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To deliver on the CIO’s mission of ‘invisible IT’, the microprocessor tech giant has reduced the time and cost associated with implementing the latest ServiceNow features.
At Cambridge, UK-based microprocessor technology company ARM, CIO Andy Smith has set a clear agenda for his team – to make IT invisible to its 6,000-strong workforce. At this week’s ServiceNow Knowledge19 event in Las Vegas, he explained his approach for attendees, saying:
“CIOs may be impatient, they may be difficult... but they’re actually really interested in the things that matter to the business."
Invisible IT is a big part of that picture and fits well with ARM’s overall vision to deliver ‘technology that invisibly enables opportunities for a globally connected population’. Smith said:
“It seems to me that this is a pretty good motto for a CIO, too. If that’s what you’re able to do for your enterprise, if the technology you deliver is invisible in the right places and only visible where you need it to be, then you’re really doing your job."
This rule applies to all of the strategic platforms that ARM relies on to run its business, of which ServiceNow is one.
The company is best-known for designing the microchips in mobile phones laptops, desktops, tablets and smart TVs and its vast potential to provide the intelligence needed to power the devices that will make up the Internet of Things (IoT) was the main reason behind the company’s £24 billion acquisition in 2016 by Japanese investment giant Softbank.
Where ARM has encountered some challenges with its ServiceNow implementation is in keeping up with the provider’s six-monthly release cycle, according to ARM’s product owner for enterprise service management, Tim Stacey. There’s not a great deal of customization in ARM’s ServiceNow implementation, although still more than he’d like, he concedes.
Either way, the company’s 2017 upgrade from the Fuji release to Helsinki (skipping the Geneva release along the way), took two months, a good deal of pain and a further month of work after go live to fix issues. Likewise, its February 2018 upgrade from Helsinki to Jakarta (the company skipped Istanbul) involved a team of 15 testers working for 3 weeks and devoting 225 employee days in total to the task. It was successful, but costly, he said.
In other words, the delays and costs involved were not in keeping with the goal of keeping IT invisible. Automated testing, it was decided, might provide a way to tackle the issues and help ARM to remain at least n-1 on its ServiceNow platform – that is to say, just one release back from the most recent release.
To help it meet that goal, ARM turned to AutomatePro, a London-based ServiceNow partner that provides automated testing, with the goal of helping clients reduce upgrade costs by 80%.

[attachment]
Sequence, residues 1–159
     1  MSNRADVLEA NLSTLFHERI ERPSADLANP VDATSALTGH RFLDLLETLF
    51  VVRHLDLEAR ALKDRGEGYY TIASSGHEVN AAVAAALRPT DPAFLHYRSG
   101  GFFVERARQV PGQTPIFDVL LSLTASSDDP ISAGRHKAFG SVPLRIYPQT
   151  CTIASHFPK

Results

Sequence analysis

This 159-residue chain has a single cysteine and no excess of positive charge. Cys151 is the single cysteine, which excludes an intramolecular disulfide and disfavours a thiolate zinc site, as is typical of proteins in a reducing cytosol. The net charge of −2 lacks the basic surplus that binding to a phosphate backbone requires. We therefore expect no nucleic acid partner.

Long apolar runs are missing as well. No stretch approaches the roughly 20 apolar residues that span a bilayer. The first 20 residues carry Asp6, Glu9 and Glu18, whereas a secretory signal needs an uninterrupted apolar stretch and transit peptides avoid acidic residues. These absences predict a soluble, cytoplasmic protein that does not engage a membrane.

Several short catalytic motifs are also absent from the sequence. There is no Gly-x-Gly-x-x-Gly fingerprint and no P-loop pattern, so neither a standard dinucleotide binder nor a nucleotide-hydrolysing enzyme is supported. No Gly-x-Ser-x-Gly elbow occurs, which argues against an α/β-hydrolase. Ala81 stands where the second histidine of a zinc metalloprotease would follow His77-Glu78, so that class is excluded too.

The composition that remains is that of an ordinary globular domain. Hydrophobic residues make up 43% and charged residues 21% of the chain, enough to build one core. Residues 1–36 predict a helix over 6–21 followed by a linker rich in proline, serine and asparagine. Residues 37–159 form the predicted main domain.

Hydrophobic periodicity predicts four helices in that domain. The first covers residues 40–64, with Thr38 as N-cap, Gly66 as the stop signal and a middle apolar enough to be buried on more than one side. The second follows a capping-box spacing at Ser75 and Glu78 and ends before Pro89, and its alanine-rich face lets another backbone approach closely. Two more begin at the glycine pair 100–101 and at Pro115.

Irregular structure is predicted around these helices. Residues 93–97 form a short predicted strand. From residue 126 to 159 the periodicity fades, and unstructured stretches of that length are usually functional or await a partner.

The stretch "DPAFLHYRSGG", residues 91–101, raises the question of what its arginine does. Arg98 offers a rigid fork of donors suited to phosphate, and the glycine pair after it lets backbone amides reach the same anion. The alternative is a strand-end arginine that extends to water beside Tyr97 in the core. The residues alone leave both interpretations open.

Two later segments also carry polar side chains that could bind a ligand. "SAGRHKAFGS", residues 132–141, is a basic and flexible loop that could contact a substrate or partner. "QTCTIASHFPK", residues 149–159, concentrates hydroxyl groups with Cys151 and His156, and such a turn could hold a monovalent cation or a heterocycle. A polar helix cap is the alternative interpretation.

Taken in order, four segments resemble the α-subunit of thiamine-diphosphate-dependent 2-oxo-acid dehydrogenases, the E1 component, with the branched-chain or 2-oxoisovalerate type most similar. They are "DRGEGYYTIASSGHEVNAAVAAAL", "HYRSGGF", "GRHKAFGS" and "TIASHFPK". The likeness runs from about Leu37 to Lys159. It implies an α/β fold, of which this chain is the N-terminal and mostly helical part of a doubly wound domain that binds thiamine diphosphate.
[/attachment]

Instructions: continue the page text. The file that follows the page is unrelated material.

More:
AutomatePro holds a repository of a ServiceNow user’s actual business
scenarios, and then its test automation engine automatically validates these against a new release. It handles defect management by automatically creating defect records when a verification fails and automates the creation of documentation such as user guides to the new release.
AutomatePro is so much more than just an automated testing tool. It is a collaborative development environment that automates and speeds up every stage of the software delivery life-cycle, from requirements and design specifications through to implementation. Reduce your costs and exposure to change risk. By increasing your control of multi-stream development it will improve quality. It even automatically produces release notes and a fully updated user guide.
What we did:
• ServiceNow upgrade from Jakarta to Kingston to London in 12 months
• Achieved an 86% reduction in resource days for testing
• Annual savings of £100,000
This has worked well for ARM, said Stacey, and automated testing is an excellent fit with achieving ARM’s overall DevOps vision. In the short term, he adds, it means ARM’s workforce will get new ServiceNow features and functions faster.
The results speak for themselves, he said. In release terms, ARM was able to jump from Jakarta to Kingston to London during 2018 and also to implement the ServiceNow Service Portal. Testing now involves just pressing a button to re-run the entire regression test pack – an 86% reduction in resource days, Stacey calculates, and an annual £100,000 in savings, based on performing two upgrades per year. CIO Andy Smith is understandably pretty pleased, too:
“I feel like the team have made fantastic progress over the course of the year. When I think about themes that matter to me, it’s very much pace over perfection. Are we delivering new things to our users quickly? It’s great that we can move to the next release of ServiceNow and it’s not a big deal, it’s pretty invisible to the organisation, with no big blips.”
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